Tyler Johnson Was Here
by Coles, Jay






"When Marvin Johnson's twin brother, Tyler, is shot and killed by a police officer, Marvin must fight injustice to learn the true meaning of freedom"-





Jay Coles is a graduate of Vincennes University and Ball State University. When he's not writing diverse books, he's advocating for them, teaching middle school students, and composing for various music publishers. His debut novel Tyler Johnson Was Here is based on true events in his life and inspired by police brutality in America. He resides in Indianapolis, Indiana, and invites you to visit his website at jaycoleswrites.com.





*Starred Review* Coles' unforgettable debut opens with a haunting incident of police brutality that sets the tone for the rest of the book. As Marvin, his twin brother, Tyler, and their best friends exit a convenience store, they are caught in the commotion surrounding a police chase. After the cop viciously beats one of the young men he was pursuing, he draws a gun on Marvin and his group, threatening to shoot as he yells racial hostilities. Guns appear once more when Marvin and Tyler attend a house party and a shooting breaks out, drawing the police. Amidst the chaos, Marvin loses track of his brother, who never comes home. Days afterward, detectives visit Marvin's house and inform him and his mother that Tyler was killed in a gang-related incident; but later, a video surfaces that shows a cop murdering Tyler, proving the detectives' claims false. In the aftermath of Tyler's murder, Marvin must grapple with his grief while also dealing with the social and racial outrage his brother's death sparks. Coles' story offers a glimpse into the injustices, struggles, and pain of being a black male in America. In addition, it crafts an authentic depiction of black life that shatters stereotypes. Its exploration of brotherhood, grief, friendship, and familial ties is as moving and relevant as its exploration of racism. Copyright 2018 Booklist Reviews.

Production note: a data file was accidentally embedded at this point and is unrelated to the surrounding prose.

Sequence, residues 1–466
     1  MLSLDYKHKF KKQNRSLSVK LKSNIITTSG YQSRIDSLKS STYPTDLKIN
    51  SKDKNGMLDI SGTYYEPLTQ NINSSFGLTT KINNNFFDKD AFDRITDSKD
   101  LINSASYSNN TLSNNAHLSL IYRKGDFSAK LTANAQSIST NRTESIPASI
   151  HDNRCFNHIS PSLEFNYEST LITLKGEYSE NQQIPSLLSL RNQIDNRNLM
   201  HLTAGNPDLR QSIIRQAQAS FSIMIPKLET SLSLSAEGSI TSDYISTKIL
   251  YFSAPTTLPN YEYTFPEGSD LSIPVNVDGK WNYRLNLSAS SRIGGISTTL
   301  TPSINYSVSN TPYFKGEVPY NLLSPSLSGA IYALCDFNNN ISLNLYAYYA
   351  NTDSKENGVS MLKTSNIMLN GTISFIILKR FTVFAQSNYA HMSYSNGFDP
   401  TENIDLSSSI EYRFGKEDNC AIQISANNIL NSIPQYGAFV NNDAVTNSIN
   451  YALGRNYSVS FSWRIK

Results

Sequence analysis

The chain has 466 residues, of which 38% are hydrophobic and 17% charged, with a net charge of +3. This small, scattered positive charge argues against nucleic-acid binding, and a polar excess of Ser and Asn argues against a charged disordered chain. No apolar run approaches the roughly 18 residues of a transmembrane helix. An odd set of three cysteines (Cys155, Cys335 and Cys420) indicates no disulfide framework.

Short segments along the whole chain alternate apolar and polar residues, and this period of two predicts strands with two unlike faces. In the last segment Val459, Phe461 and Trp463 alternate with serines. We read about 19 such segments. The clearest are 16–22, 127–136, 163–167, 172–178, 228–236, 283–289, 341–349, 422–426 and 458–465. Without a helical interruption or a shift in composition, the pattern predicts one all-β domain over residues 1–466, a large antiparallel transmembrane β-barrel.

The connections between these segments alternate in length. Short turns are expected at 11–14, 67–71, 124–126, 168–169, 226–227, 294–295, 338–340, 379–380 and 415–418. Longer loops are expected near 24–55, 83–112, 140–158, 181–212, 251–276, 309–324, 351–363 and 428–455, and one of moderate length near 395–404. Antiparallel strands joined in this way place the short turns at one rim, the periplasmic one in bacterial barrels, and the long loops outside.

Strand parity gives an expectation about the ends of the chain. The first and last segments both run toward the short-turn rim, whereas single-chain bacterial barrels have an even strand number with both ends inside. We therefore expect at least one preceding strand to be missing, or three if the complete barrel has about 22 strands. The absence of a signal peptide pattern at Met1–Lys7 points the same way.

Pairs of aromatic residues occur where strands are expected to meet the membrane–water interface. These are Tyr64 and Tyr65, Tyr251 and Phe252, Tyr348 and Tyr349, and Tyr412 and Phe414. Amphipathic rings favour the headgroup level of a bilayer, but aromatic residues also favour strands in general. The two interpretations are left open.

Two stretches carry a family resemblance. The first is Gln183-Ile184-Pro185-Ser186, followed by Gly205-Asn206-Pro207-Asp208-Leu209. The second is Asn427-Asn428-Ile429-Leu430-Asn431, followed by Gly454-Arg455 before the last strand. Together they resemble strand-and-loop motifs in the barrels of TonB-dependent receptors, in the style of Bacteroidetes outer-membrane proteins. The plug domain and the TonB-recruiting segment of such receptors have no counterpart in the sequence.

Coles' debut takes on the heartbreaking outcomes of a broken system of policing. Through language that honors the enraging aspects of life in the inner city, readers meet Marvin and Tyler Johnson, twin high school seniors at a crossroads. Narrator Marvin jokes that their family story can feel like the stereotype for black boys. Their father is in jail, and Mama works extra hard to keep the family stable, leaving room for the influence of the streets to creep into their lives. All this is irrelevant when a police officer shoots Tyler dead after he attends a questionable neighborhood party. This is not the first time that Marvin and his friends have witnessed police violence. They've seen officers lift firearms at children, slam them to the ground, and verbally abuse them, with no consequences. Deep down, Marvin knows that he cannot become the hate that he senses in the world around him. This family's struggle to find resolve, peace, and even a twinge of justice is full of life lessons, including this gem inspired by Auntie Nicola, a former cop: "Life is about wading in the rain, in all the storm's fury…becoming one and the same with the storm—getting angry, getting heated, and being the change you want." Coles, just 21, pens an immersive and uncompromising look at systemic police violence in the U.S. While the author's toolbox has some room for growth, he effectively dramatizes the human experience and ethical questions underpinning today's Movement for Black Lives. (Fiction. 14-18) Copyright Kirkus 2018 Kirkus/BPI Communications. All rights reserved.






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